“I was advised that the dental practice advisors’ group will meet with the Scottish Government soon, and as the details outlined are causing concern across all health boards, they are on the agenda for discussion.”
“you want to give the patient the best chance you can”
The incident also taught him about the importance of having all potentially necessary equipment in one rucksack. “My airway adjuncts were with another oxygen cylinder and my associate had to go back to the clinic and get those. It would obviously be better to have everything pre-packed and ready to go but you have to organise
“You want to give the patient the best chance you can. When we arrived, they may not have been medically evaluated. They might not be in full cardiac arrest or might need further attention when they come round. You need more than the defibrillator.”
The experience taught him another thing: the human emotional impact of having to deal with this kind of emergency. “People could be dying or actually dead in front of you. The health board was quite supportive in this and said counselling was available if needed. We had a debrief later and Natalie had said the adrenaline carried her through at the time, but she hadn’t managed to sleep a wink that night.”
Use of the defibrillators also raises practical questions about the availability of training. Dental practices have update sessions on life support annually, as do other workplace environments both inside and outside medicine, but this equipment may not be covered as part of these. In general, the amount of training received is assessed as a tick-box exercise, but the quality of that training is not scrutinised.
Stuart thinks this is an issue that needs to be addressed. He also believes that some of his colleagues in other Scottish dental practices are apprehensive of the defibrillator. “We actually had ours before the general availability of funding for them in 2015, as we carry out sedation in the surgery and need that advanced life support knowledge and equipment. So we’re familiar with it.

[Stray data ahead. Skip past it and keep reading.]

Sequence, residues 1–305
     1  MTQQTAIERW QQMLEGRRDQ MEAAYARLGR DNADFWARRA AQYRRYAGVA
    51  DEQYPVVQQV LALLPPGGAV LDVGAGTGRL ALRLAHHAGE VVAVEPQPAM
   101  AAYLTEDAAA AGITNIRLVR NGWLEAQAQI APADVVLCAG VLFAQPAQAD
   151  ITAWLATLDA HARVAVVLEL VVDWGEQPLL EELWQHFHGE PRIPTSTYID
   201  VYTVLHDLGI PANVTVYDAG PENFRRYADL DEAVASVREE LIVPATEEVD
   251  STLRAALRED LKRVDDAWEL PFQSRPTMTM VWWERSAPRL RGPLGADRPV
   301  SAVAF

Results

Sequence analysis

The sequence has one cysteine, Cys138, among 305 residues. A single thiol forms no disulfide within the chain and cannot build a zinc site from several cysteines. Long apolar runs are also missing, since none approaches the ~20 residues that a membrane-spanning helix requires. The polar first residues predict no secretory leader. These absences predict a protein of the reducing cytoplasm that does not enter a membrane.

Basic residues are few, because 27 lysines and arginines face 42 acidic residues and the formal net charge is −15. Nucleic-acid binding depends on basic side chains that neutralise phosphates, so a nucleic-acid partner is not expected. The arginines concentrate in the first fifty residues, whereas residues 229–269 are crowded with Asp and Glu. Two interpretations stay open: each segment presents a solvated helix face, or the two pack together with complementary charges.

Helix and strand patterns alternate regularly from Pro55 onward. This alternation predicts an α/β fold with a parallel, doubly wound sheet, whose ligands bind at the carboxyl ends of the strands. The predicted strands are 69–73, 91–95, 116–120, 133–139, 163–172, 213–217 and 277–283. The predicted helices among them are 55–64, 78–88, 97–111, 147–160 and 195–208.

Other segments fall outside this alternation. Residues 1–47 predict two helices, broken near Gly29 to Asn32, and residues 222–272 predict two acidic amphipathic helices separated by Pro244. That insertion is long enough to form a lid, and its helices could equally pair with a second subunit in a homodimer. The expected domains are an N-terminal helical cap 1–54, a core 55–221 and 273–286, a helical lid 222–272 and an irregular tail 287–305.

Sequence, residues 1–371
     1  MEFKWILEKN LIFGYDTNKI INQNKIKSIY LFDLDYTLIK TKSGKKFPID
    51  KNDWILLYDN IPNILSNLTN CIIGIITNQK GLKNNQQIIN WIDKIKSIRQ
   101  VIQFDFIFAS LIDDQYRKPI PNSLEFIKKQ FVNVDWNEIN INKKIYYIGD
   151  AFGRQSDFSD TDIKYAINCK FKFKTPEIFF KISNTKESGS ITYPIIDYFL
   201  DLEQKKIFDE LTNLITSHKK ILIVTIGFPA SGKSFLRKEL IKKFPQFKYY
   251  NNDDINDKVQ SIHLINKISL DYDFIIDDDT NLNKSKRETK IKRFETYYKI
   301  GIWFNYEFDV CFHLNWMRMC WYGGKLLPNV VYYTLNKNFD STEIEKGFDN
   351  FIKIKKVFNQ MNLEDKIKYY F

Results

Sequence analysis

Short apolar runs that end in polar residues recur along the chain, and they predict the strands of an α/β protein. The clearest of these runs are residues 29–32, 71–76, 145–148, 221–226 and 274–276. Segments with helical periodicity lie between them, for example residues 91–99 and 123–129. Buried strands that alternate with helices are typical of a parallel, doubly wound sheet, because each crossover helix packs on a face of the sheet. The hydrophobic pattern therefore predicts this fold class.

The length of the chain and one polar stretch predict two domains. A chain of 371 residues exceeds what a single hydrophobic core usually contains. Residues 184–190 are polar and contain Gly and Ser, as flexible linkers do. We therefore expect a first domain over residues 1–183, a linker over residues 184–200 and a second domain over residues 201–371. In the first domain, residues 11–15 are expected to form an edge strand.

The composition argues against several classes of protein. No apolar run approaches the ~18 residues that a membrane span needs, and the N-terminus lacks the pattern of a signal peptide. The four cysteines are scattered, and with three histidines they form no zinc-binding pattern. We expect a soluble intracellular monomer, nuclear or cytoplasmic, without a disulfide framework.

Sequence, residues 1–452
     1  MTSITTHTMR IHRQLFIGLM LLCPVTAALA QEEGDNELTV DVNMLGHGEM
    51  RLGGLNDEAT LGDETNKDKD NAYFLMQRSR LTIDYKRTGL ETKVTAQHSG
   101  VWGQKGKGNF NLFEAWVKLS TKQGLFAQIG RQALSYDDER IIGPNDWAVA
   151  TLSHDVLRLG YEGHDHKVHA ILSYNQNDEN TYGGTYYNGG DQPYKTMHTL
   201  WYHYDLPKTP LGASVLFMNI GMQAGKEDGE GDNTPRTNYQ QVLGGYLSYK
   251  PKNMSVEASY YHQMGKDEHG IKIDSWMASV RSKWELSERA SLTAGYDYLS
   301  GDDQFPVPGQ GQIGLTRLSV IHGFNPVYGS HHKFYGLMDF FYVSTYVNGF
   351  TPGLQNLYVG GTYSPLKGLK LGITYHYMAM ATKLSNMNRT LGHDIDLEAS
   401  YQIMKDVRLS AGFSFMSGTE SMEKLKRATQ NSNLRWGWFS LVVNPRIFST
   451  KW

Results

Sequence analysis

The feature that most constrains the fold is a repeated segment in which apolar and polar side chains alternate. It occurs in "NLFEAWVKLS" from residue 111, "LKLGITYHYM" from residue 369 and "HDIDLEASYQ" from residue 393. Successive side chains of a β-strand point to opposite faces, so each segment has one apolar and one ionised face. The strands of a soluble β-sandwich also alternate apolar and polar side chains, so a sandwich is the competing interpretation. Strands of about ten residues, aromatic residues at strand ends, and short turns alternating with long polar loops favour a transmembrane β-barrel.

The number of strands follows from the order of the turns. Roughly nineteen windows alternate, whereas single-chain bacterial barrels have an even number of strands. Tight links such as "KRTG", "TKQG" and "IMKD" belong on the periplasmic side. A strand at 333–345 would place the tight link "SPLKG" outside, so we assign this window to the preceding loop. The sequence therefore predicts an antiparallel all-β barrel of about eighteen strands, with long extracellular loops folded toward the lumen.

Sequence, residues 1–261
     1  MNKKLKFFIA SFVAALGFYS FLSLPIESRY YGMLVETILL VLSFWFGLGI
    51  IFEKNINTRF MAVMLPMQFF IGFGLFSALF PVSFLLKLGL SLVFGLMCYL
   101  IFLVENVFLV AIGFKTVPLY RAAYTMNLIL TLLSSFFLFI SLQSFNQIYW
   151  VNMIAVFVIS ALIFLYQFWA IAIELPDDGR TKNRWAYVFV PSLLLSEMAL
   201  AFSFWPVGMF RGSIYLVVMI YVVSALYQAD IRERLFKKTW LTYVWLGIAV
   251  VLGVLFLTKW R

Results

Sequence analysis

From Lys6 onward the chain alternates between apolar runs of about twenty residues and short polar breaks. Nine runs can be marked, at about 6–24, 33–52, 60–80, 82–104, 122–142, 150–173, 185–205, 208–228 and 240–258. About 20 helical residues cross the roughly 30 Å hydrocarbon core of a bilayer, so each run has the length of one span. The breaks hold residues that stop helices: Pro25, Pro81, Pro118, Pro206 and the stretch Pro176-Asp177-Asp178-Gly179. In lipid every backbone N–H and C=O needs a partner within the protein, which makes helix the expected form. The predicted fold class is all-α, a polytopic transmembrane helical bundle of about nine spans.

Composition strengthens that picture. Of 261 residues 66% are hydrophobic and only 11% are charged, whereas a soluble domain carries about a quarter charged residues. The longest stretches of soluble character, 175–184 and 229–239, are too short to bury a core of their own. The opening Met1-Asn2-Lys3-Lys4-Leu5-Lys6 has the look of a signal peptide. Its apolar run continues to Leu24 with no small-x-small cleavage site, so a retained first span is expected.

“Also, as I’m a practicing A&E doctor, I know how the kit works. But everyone in a clinic needs to know how a defibrillator should be operated. It might be, for instance, that the dentist is on a course and so it’s the nurse that is called out when an emergency arises. We should perhaps all look at increasing our proficiency when it comes to this.”
Restart a Heart Day success
The European Resuscitation Council event in October for World Restart a Heart Day was a huge success in Scotland where the dental faculties of Dundee, Edinburgh and Glasgow linked up to deliver training in the life-saving skill of CPR.
The day also raised public awareness on out-of-hospital cardiac arrest and the availability of defibrillators held within general dental practices, which are also public access defibrillators and mapped with the Scottish Ambulance Service.
It is hoped that by training members of the public, the survival rates from an out-of-hospital cardiac arrest will increase and get closer to the Scottish Government target of an additional 1,000 lives saved and 500,000 people trained by 2020.
The joint event trained 369 members of the public, which was a significant achievement – 104 were trained in Dundee, 75 in Edinburgh and 191 in Glasgow.
Lezley Ann Walker, dental team tutor at Glasgow Dental Hospital and School, who organised the event, hopes to expand and link with more dental colleagues and increase the numbers.